Manawatū is continuing to enjoy solid economic growth, underpinned by a strong primary sector, solid consumer spending and population growth, according to Infometrics.
“High and sustained economic growth is expected over the next 10 to 15 years, supported by high levels of central government capital investments and businesses increasingly recognising the benefits of investing here,” says Palmerston North City Council Economic Policy Advisor, Peter Crawford.
Projects such as the Manawatū Gorge Replacement Route (estimated to be worth $450-$500 million), the regional ring road, and more than 30 multi-million dollars’ worth of commercial and government construction and development projects, are just some of what’s ahead.
Infometrics Quarterly Economic Monitor shows the region’s economy grew by 3.4 per cent, well ahead of the national average of 2.9 per cent, in the September 2018 quarter. High lamb and beef prices as well as favourable dairy supply conditions, strong global demand and a weaker New Zealand dollar have played a large role in this.
The strong performance of the primary sector continues to boost the performance of the Manawatū district economy, which has grown faster than the national economy since September 2017.
“Incomes are rising, people are employed and, as reflected in growth in retail spending and strong levels of investment, households and businesses are confident to spend and invest in the local economy,” says Manawatū District Council’s Economic Development Advisor, Stacey Bell.
These favourable conditions are attracting new residents to the Manawatū region, with population estimated to have increased by 2,000 people or 1.6 per cent over the year to June 2018. School rolls have also grown strongly, with an additional 440 students enrolled in schools across the region compared with June 2017. This is an increase of 2.2 per cent over the year, far exceeding the national growth rate of 1.0 per cent and bucking the trend of declining rolls across much of the wider Manawatu-Whanganui region.
Businesses across the city and district are in hiring mode and the region’s rate of growth in job ads is higher than the national average, according to ANZ job ads data.
Recent Trade Me Jobs data shows job listings in Palmerston North were up by 19.3 per cent in the final quarter of 2018 compared to the year before, with the top sectors being accounting (up 115 per cent), manufacturing and operations (up 58.5 per cent) and education (up 31.1 per cent). In the district, listings were up 32.7 per cent in the same period, with the top sectors being construction and roading (up 214.3 per cent), transport and logistics (up 80 per cent), and trades and services (up 50 per cent). TradeMe declined to provide the exact number of listings.
“We saw really phenomenal growth in job ads across the North Island in this quarter,” says TradeMe Jobs’ Anna Miles, describing the region as really positive for job hunters.
Despite the number of jobs increasing, unemployment in the Manawatū region continues to creep higher and is above the New Zealand average, at 5.3 per cent and 4.3 per cent, respectively. Infometrics says there’s been a surprise increase in the average number of people receiving Job Seeker Support over the past six months, which is occurring against a backdrop of strong growth in employment demand.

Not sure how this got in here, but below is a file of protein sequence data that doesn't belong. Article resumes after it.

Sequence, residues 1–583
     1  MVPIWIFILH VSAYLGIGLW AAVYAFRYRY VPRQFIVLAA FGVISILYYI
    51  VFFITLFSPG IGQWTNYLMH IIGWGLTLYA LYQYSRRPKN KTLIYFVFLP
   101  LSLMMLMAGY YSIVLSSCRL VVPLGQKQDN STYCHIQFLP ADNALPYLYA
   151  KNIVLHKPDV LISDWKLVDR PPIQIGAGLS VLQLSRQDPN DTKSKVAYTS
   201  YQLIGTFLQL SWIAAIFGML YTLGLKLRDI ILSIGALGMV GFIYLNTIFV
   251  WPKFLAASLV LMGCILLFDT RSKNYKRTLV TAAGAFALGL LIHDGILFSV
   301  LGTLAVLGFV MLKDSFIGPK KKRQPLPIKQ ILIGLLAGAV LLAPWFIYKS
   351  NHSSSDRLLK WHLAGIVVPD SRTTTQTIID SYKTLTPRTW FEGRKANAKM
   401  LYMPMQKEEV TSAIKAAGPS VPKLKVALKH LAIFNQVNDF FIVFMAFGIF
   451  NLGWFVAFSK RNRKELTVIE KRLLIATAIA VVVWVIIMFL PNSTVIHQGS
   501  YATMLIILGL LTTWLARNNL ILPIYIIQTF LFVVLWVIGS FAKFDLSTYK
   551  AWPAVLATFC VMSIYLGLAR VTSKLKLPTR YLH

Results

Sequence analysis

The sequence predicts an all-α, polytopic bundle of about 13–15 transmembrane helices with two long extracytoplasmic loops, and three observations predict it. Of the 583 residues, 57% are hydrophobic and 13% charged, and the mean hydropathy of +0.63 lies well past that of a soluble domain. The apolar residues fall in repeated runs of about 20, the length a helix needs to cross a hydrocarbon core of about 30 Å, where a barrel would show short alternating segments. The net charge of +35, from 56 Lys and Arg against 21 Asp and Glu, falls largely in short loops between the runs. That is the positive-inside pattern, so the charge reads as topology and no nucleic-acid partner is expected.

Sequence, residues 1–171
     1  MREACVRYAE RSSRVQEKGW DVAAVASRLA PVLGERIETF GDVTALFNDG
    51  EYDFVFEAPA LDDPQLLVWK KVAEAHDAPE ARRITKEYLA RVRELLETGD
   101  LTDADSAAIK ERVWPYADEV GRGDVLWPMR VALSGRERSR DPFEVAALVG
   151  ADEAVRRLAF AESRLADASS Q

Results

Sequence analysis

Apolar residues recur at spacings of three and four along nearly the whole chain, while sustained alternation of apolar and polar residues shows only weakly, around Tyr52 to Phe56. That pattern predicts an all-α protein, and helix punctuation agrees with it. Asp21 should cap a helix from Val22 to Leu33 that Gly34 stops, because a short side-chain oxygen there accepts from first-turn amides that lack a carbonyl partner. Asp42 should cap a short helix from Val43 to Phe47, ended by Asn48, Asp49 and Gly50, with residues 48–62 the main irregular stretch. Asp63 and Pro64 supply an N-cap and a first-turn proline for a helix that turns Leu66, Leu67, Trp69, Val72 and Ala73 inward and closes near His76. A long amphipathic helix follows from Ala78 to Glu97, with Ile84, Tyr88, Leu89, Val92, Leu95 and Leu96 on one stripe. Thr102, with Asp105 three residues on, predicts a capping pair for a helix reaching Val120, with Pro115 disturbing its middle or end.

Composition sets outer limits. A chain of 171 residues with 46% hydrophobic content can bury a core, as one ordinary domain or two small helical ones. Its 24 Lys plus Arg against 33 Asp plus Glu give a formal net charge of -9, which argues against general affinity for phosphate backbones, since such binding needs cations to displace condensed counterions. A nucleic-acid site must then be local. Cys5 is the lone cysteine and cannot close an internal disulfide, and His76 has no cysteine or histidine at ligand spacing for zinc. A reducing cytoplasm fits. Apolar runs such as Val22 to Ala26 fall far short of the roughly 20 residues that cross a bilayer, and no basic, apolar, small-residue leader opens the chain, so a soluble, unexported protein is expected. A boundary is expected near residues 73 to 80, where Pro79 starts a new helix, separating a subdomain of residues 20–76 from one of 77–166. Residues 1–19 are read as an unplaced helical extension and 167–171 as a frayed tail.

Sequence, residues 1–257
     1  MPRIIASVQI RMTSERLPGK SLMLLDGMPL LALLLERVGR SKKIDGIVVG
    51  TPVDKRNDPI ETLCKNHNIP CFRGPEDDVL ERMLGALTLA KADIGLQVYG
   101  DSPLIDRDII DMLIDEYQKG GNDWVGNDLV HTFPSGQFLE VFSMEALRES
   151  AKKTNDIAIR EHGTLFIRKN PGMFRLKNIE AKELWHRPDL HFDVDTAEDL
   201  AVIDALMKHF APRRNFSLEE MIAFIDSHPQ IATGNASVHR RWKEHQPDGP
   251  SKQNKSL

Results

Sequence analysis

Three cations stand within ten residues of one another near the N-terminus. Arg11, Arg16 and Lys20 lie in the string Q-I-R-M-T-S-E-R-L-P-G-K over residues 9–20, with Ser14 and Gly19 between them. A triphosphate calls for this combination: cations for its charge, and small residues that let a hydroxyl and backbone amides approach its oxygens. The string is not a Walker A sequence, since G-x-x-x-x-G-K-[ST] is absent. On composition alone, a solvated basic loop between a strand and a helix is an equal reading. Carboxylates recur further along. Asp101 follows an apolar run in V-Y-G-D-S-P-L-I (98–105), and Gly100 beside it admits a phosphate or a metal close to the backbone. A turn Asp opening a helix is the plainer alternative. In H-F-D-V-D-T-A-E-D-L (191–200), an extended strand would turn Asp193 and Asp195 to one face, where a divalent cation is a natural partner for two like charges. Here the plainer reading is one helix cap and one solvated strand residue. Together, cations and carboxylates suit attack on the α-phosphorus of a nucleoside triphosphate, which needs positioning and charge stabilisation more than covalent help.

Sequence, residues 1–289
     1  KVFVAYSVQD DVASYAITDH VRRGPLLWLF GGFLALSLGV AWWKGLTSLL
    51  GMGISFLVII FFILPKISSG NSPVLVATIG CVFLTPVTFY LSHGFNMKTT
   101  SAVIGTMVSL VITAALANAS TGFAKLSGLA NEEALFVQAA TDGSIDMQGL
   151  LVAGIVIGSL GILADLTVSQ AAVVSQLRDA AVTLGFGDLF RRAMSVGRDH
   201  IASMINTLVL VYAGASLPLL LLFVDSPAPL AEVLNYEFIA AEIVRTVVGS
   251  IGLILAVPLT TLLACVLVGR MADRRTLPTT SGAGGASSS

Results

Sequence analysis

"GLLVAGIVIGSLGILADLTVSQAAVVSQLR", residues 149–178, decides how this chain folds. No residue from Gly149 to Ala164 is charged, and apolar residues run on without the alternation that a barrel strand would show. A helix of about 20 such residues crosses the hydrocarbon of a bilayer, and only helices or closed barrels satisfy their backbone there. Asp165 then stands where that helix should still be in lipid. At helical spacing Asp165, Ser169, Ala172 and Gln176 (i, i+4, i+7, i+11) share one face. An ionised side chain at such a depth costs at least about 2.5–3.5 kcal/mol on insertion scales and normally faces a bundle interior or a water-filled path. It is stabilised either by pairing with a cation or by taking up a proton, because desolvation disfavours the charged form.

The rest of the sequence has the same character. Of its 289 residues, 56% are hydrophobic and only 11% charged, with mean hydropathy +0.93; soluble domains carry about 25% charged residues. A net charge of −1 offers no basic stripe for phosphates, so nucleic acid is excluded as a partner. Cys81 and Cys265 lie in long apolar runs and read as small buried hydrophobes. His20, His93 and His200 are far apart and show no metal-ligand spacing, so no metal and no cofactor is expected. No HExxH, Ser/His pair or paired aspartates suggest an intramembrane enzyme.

New construction projects such as the Food HQ building, BUPA retirement village, a new IRD office building and Toyota’s warehouse expansion have helped to send non-residential consent growth through the roof. In the September 2018 quarter non-residential consents were up 85 per cent, dwarfing the national growth rate of just under five percent.
The Palmerston North City Council issued consents for 477 new houses in the year to December 2018, the highest number approved since the late 1970s. The council estimates it needs more than 460 new houses to be built each year, in line with its Long Term Plan to attract an extra 12,000 jobs to the city by 2028. Consents for new dwellings in the district also increased strongly to the year ended December 2018 with 199 approved. While this level of residential investment is heartening, construction of new dwellings still falls behind what is needed to keep up with population growth in the Manawatū district.
The Infometrics report shows high business confidence is taking commercial vehicle registrations to extraordinary highs, growing 12 per cent in the year to September 2018, ahead of the 2.3 per cent national average.
Continued growth in consumer spending reflects strong confidence among locals and their view of the economy. The latest MarketView Manawatū Spending Quarterly Report shows spending in the October quarter grew by more than seven per cent to $339 million. Spending in Palmerston North’s outer CBD rose by 13 per cent, helped by the new Hunting and Fishing Store in Grey Street and the new Torpedo7 outlet store, according to Peter Crawford.
Manawatū is one of several regions around the country where the rate of economic growth is far exceeding New Zealand’s major cities and current conditions show there’s no signs of slowing.
Data Source: Infometrics, MarketView, TradeMe Jobs